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Learn from the Masters

Learn From the Masters

Frank Swetz, John Fauvel, Otto Bekken, Bengt Johansson, and Victor Katz, Editors

Print ISBN: 978-0-88385-703-8
312 pp., Paperbound, 1995
List Price: $40.00
Member Price: $30.00
Series: Classroom Resource Materials

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This book is for college and secondary school teachers who want to know how they can use the history of mathematics as a pedagogical tool to help their students construct their own knowledge of mathematics. Often, a historical development of a particular topic is the best way to present a mathematical topic, but teachers may not have the time to do the research needed to present the material. This book provides its readers with the historical ideas and insights which can be immediately applied in the classroom

The book is divided into two sections: the first on the use of history in secondary school mathematics, and the second on its use in university mathematics. So, teachers planning a discussion of logarithms, will find here the historical background of that idea along with suggestions for incorporating that history in the development of the idea in class. Teachers of abstract algebra will benefit by reading the three articles in the book dealing with aspects of that subject and considering their ideas for presenting groups, rings, and fields.

Table of Contents

Preface
1. History of Mathematics Can Help Improve Instruction and Learning
2. The Role in the History of Mathematics of Algorithms and Analogies
3. Using Problems from the History of Mathematics in Classroom Instruction
4. Revisiting the History of Logarithms
5. Napier’s Logarithms Adapted for Today’s Classroom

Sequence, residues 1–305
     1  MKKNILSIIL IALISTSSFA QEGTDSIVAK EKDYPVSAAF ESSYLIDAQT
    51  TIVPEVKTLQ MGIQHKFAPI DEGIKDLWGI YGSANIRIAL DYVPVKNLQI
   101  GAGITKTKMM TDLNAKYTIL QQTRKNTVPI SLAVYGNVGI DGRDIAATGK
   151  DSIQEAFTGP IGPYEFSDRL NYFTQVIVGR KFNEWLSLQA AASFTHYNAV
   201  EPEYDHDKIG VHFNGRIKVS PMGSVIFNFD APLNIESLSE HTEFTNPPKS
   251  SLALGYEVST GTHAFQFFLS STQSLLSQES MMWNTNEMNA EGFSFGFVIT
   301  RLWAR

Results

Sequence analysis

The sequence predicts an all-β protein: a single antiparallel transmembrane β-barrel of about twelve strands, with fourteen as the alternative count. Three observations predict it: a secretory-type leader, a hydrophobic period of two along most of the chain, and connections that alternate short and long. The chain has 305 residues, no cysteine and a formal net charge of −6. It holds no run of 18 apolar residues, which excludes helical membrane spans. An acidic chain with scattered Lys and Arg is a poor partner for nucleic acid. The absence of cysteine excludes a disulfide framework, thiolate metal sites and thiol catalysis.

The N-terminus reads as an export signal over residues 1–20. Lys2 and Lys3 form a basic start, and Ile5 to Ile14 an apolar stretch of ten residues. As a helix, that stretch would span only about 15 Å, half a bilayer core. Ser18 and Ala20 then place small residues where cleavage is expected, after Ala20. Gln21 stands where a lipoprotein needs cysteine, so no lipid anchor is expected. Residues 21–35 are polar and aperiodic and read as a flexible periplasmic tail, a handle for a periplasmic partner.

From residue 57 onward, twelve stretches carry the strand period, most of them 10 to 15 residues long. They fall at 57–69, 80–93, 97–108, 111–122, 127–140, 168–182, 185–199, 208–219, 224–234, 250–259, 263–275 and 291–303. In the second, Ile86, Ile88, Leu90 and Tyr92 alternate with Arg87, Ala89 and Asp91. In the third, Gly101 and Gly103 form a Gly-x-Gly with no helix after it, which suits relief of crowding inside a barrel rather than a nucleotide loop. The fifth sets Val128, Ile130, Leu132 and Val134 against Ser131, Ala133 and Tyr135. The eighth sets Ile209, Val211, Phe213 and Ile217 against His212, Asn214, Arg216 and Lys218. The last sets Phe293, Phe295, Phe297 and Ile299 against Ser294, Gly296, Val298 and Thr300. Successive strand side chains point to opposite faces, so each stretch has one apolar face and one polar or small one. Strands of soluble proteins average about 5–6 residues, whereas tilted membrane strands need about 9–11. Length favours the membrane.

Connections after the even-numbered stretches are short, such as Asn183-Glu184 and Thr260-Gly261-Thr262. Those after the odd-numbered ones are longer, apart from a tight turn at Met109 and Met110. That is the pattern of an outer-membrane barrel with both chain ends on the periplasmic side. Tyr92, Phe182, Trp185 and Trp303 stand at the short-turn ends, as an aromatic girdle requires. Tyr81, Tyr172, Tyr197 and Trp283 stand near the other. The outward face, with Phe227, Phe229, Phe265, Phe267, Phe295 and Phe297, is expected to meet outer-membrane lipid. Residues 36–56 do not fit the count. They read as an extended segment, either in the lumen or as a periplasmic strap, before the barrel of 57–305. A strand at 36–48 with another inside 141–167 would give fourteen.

6. Trigonometry Comes Out of the Shadows
7. Alluvial Deposits, Conic Sections, and Improper Glasses
8. An Historical Example of Mathematical Modelig: The Trajectory of a Cannonball
9. Concept of Function—Its History and Teaching
10. My Favorite Ways of Using History in Teaching Calculus
11. Improved Teaching of the Calculus Through the Use of Historical Materials
12. Euler and Heuristic Reasoning
13. Converging Concepts of Series: Learning from History
14. Historical Thoughts on Infinite Numbers
15. Historical Ideas in Teaching Linear Algebra
16. Wessel on Vectors
17. Who Needs Vectors
18. The Teaching of Abstract Algebra: An Historical Perspective
19. Toward the Definition of an Abstract Ring
20. In Hilbert’s Shadow: Notes Toward a Redefinition of Introductory Group Theory
21. An Episode in the History of Celestial Mechanics and Its Utility in the Teaching of Applied Mathematics
22. Mathematical Thinking and History of Mathematics
23. A Topics Course in Mathematics
Niels Henrik Abel (1802-1829) A Tribute
About the Authors

About the Editors

Frank Swetz is Professor of Mathematics and Education at the Pennsylvania State University at Harrisburg. His research concerns societal impact on the learning and teaching of mathematics. These interests have led him into studies on the history of mathematics and ethnomathematics. His findings are incorporated into teaching strategies which humanize mathematics teaching. His most recent books are: The Sea Island Mathematical Manual: Surveying and Mathematics in Ancient China (1992) and From Five Fingers to Infinity: A Journey through the History of Mathematics (1993).

Otto Bekken is Professor of Mathematics at Adger College, Kristiansand, Norway. His major research interests focus on the life and work of Niels Henrik Abel. He is particularly active in the incorporation of the history of mathematics into teacher training programs. He has written materials for this purpose for use in Scandinavia and Peru. He served as the chief organizer and director of the Kristiansand Conference.

John Fauvel is Lecturer in Mathematics at the Open University, England, and chaired the Open University course, “Topics in the History of Mathematics.” He has been an editor of several books, including Darwin to Einstein: Historical Studies on Science and Belief (1980), Conceptions of Inquiry (1981), The History of Mathematics: A Reader (1987) and Let Newton Be! (1988). He is the chair of the International Study Group on the Relations between History and Pedagogy of Mathematics.

Victor Katz is Professor of Mathematics at the University of the District of Columbia in Washington, D.C. He has been interested in the history of mathematics for many years, and in particular, in ways in which it can be used in the mathematics classroom. He has published several papers on both history and on its use in teaching. His textbook A History of Mathematics (Harper Collins, 1993) contains many suggestions as to how the material can be used in teaching on both the secondary and the undergraduate levels.

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